Well, he didn't disdain us as much as we thought. But I'm kind of wondering if that's a good thing.
When Kit Harington's name appeared in the opening credits of the first episode of season six, I wasn't surprised. I mean, in the timeline of the show, Jon Snow's death had just happened. We'd at least need to see the corpse. And that corpse would be played by Kit Harington.
When it appeared in the second episode, I was a bit more taken aback -- but I thought, "Well, perhaps this is the episode with the wake."
As "the red-haired woman" (I don't know what her name is) attempted a spell that would bring him back from the dead, I started to doubt Martin's commitment to his own harshly realistic world view. But then I thought "It would be the ultimate Martin move -- giving us a bunch of attempts to revive him as a red herring, and ultimately ending with someone saying 'Yep, he's really dead.'"
So when I saw Snow make that time-worn "gasp awake, usually after everyone thinks you've drowned" move, I greeted it with a bit of a gasp myself.
Martin had done it. He'd capitulated. He'd brought a character back from the dead. He'd saved a character with an unbelievable Hail Mary that should have had no reason for existing in the plot.
Yeah, I was happy to have Jon Snow back. But I was more than a little surprised.
And I'm of two minds on how I feel about it. As I said, I like having Jon Snow be a character on Game of Thrones. (And seeing the traitors who killed him hanged until they were dead provided a certain measure of sweet revenge.) But it does seem like a case of Martin slouching toward the traditional. Yeah, this is a world where dragons exist and magic is a thing and not everything that happens can be explained. But it used to be a world that obeyed basic laws of biology pretty stingently.
The way the whole thing was staged seemed to lack a certain conviction as well. Sure, the red-haired woman is a bit of a shell of herself after all of her premonitions about Stannis Baratheon prove false. (And this post is making me realize that I don't know how to spell any of these character names -- except, er, Jon Snow.) But I expected a bit more fire and brimstone in an incantation that brings someone back to life. The whole thing seemed a bit limp and unconvincing.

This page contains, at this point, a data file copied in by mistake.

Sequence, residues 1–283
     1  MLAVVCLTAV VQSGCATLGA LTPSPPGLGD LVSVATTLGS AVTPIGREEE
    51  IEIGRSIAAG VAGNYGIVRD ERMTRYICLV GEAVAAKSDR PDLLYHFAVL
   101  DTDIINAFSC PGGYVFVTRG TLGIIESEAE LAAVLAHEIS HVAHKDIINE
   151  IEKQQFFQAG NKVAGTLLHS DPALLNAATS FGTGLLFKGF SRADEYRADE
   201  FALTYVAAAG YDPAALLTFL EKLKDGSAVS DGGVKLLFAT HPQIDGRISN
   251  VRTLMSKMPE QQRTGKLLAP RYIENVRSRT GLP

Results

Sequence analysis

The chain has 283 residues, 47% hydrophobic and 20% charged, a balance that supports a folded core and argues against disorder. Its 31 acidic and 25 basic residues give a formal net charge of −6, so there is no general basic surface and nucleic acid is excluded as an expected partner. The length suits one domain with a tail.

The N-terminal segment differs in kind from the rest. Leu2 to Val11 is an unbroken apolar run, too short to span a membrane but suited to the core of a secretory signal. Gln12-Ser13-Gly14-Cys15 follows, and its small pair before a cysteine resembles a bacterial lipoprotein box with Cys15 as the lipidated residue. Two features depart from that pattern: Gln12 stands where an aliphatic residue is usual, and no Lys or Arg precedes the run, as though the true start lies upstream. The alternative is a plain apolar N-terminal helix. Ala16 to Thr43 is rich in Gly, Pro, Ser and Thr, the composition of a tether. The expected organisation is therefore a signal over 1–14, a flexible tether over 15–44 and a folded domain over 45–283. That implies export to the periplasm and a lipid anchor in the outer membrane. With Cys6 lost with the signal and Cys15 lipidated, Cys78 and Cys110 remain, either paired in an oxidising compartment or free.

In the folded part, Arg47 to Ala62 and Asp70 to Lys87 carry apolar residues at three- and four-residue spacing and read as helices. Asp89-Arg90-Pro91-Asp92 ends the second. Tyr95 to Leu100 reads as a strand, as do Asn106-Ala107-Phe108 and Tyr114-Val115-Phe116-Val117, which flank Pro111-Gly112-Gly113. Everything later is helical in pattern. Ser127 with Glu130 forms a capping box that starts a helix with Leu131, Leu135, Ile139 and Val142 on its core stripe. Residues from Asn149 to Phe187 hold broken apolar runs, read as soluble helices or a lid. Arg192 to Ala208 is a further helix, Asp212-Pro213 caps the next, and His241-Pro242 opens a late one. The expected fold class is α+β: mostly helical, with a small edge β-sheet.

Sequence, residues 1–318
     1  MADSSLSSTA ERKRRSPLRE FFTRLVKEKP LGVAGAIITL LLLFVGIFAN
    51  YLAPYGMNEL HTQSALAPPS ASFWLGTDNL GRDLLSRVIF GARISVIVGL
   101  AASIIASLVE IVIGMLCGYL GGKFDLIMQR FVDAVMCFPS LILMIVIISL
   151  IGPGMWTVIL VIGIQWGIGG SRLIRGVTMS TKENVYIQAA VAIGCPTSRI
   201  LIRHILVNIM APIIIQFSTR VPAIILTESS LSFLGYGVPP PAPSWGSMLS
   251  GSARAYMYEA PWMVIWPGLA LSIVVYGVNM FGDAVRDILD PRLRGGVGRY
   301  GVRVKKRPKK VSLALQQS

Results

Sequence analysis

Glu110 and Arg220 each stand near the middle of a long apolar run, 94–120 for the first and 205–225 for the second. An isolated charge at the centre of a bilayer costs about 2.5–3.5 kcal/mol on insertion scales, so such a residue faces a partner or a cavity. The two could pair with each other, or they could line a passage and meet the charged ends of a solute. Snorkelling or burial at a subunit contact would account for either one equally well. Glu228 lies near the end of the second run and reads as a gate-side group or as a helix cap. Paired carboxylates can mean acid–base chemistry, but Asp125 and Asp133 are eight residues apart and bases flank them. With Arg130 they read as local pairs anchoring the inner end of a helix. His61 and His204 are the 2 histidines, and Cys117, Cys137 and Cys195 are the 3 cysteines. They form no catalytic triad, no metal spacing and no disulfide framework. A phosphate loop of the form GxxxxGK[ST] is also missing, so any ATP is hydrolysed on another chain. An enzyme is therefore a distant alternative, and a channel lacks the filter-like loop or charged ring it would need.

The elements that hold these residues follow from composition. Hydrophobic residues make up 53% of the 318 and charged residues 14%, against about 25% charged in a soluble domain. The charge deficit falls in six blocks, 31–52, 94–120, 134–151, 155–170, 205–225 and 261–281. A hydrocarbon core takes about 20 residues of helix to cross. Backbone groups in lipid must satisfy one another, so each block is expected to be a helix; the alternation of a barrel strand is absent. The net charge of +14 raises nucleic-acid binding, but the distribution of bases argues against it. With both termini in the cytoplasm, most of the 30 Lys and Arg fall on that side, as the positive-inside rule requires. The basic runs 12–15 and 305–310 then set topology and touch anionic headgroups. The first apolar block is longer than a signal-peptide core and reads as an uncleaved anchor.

This may not seem so much like a deus ex machina, since traditionally, that's to save someone right when all seems lost. But the same episode contained an instance of Sir Davus, holed up in that room inside Castle Black with a few loyal Snow supporters, about to be slaughtered until a cavalry of wildlings arrives at the last moment to save the day. I suppose stuff like that has been slightly more common on the show -- more common than, you know, bringing people back from the dead -- but the timing of this one highlighted its essential artirficiality.
Did Martin bow to pressure? Did someone at HBO say to him "You can't kill off Jon Snow, it's bad for ratings"? How much of this was written already, anyway? I can never keep track of where this show is relative to the books -- as far as I'm aware, fans have been waiting for a new book from Martin for something like 15 years.
It also makes me wonder if this means that Snow is now immortal. Once you've brought somebody back once, doesn't that undermine any future attempt to kill him? If they have to kill him again, someone really will need to step up and say "Yep, he's really dead this time."
Perhaps if his head gets stuck on a spike in King's Landing and his body is dumped somewhere in Mereen, only then will we have our definitive closure.
Well, I'll be glued to my TV to find out. And something tells me that the next seven episodes will go a ways toward making it all clear.